Is this yellow journalism?

Today I was asked to write an article for an event that occurred at my workplace a few months ago.  At first I welcomed the news because I’ve attended many events and I write for our internal publication all the time.  But then I was told what I’d be writing on and this is when things went south.  I was asked to write more than 500 words on an event I didn’t even attend!  And on top of that, I was told to inflate my article as much as possible.

Surprisingly, the person who asked this request did not see the problem in asking this. However I see a problem in this. Simply because I’ve been told we are the “journalists” of our organization and this to me is coming close to yellow journalismAnd I do not agree with this kind of journalism. 


You see, I don’t know how I can accurately report on an event without being there.  And believe me I tried to do the story justice.  I researched biographies of the speakers, spoke to people who caught snippets of the event and even looked at three paragraphs of notes someone took at the event.  Nevertheless, I still can’t capture the expressions of the audience, the vibrancy of the speaker or the overall spirit of the event.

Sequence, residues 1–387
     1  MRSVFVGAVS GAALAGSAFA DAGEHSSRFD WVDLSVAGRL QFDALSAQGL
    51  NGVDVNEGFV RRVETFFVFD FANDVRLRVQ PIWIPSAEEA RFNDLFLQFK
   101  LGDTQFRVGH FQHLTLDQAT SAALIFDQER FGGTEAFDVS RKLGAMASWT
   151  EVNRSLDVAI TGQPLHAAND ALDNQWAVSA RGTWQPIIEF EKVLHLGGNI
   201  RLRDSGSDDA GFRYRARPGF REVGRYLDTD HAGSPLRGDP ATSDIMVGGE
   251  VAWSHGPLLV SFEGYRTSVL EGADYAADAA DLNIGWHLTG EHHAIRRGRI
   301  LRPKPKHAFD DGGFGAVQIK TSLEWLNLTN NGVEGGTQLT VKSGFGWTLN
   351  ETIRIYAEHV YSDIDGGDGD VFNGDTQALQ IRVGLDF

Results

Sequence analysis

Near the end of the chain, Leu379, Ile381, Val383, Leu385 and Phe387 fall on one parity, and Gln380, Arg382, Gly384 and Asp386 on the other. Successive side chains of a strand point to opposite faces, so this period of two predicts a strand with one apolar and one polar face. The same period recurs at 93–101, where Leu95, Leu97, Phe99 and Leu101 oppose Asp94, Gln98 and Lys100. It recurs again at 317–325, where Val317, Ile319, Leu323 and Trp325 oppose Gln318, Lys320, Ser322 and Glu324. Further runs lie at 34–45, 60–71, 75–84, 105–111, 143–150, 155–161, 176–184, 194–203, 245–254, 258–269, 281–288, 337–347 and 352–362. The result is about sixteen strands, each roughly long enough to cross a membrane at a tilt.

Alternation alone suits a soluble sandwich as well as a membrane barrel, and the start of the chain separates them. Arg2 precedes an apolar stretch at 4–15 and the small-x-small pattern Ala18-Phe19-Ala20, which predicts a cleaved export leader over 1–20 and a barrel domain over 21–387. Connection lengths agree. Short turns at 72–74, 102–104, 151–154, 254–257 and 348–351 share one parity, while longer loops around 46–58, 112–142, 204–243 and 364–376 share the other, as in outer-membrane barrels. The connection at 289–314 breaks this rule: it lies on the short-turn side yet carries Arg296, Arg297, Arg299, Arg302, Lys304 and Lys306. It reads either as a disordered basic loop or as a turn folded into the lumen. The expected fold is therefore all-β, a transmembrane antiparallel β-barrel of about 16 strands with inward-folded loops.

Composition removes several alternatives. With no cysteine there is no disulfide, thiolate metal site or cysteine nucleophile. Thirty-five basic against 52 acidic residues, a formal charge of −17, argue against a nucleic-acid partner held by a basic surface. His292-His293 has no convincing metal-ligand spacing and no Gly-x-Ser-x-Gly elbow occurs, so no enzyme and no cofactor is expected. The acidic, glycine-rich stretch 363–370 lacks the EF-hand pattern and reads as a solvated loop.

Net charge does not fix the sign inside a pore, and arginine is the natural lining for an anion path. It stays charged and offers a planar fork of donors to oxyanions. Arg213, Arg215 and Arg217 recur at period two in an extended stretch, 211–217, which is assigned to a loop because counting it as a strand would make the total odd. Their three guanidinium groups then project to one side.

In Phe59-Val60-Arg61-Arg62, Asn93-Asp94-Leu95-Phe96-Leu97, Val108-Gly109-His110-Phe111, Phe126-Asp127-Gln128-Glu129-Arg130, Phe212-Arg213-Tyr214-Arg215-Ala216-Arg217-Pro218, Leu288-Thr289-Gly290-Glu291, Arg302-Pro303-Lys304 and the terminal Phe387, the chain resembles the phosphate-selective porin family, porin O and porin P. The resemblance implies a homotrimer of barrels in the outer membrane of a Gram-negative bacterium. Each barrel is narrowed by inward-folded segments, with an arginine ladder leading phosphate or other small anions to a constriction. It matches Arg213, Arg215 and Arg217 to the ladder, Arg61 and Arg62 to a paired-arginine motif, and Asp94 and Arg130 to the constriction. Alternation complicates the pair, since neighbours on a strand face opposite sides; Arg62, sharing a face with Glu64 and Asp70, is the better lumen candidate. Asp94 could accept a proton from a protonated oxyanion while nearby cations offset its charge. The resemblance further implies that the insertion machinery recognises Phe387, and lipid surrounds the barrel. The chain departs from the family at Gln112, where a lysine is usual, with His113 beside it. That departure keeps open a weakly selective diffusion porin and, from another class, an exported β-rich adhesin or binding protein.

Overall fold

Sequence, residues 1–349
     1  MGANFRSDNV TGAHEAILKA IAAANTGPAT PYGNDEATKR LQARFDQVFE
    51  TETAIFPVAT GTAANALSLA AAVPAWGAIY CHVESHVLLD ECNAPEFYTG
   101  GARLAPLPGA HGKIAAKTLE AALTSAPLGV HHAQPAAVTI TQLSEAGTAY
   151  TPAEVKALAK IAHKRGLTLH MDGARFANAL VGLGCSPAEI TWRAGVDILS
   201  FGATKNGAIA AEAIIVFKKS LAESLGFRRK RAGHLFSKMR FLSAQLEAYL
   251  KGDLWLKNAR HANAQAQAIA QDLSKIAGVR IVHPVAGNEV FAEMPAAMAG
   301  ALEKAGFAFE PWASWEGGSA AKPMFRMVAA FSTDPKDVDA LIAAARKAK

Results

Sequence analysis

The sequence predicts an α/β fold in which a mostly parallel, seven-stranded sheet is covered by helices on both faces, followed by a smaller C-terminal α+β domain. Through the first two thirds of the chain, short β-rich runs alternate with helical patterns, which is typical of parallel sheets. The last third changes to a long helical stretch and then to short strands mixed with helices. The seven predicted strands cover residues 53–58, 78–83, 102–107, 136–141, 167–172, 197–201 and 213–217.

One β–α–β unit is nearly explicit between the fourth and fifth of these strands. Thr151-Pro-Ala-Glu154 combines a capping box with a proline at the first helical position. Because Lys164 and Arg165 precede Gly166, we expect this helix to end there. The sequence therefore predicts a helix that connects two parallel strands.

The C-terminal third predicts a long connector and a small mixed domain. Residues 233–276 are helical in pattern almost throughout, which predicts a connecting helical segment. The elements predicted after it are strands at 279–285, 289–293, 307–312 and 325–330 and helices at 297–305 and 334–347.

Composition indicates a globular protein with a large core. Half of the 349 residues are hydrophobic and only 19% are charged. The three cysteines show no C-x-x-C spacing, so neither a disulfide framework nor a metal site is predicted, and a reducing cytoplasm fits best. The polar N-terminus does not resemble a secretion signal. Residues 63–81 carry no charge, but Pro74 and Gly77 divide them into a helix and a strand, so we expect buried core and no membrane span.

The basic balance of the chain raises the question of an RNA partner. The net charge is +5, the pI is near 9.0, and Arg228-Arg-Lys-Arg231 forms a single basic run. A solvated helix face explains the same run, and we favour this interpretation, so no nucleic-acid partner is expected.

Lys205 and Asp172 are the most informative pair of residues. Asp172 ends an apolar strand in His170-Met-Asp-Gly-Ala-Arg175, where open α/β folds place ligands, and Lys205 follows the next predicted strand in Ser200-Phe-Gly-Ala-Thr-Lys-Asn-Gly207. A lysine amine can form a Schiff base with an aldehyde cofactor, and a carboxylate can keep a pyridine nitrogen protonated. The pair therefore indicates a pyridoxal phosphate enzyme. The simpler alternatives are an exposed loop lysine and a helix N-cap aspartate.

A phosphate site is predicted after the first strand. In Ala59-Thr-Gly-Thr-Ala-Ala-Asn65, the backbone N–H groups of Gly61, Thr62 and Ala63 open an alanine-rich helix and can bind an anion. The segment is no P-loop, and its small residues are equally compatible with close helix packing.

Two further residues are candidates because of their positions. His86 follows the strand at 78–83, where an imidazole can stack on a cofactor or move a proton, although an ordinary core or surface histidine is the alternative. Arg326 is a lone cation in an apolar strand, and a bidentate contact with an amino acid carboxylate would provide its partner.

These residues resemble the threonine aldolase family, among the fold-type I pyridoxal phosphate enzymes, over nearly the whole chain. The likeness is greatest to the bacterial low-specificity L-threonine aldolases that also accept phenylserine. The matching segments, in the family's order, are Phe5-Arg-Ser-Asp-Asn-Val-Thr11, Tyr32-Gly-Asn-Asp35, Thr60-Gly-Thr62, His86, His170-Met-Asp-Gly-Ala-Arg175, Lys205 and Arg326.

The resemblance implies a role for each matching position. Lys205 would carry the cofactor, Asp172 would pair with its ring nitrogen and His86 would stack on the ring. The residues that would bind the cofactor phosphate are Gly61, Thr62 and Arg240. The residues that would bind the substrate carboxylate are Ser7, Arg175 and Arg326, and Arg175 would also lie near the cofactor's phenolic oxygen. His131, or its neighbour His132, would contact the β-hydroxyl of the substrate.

Nevertheless, because I went to Journalism school and I took a class on ethics – I feel somewhat bothered by writing this story.  In good faith, I can not say, I’m reporting on the facts.  I can create a perceived reality of this event, but I do not know if it’ll do justice to those who’ve actually attended the event.



Despite my objections towards this piece – I managed to crank out 600 words!



I am still feeling my way through how the world of Corporate Communications works so I wanted to know, is the scenario I described “normal” practice?  Or do you think this is yellow journalism?


~ by Natasha C. on July 18, 2008.

4 Responses to “Is this yellow journalism?”

  1. You did more then what they research and wrote base on what you know…not much but it’s ”something”…hard place to be in. keep your head up! You did what you where told,you did make the choice to make things up.

  2. Although, I don’t agree with what I was asked to do – I did it. It’s a tough spot to be in, but there’s nothing else I could’ve done!

  3. I’d have to write that in a way I felt comfortable with. That is, base it on quotes from attendees and info from the bios and promotional material. Try not to make it sound like you were there.

    It is a tough spot.. working with people who just do things the way they’ve always done them, without second thought, can be tricky.

  4. It is a tough spot, but it’s also a learning process. I wrote the article in a general way so it’ll do justice to those who want to know about the event. Nevertheless, I do not agree with this practice and I hope this isn’t something that will happen on an on-going basis.

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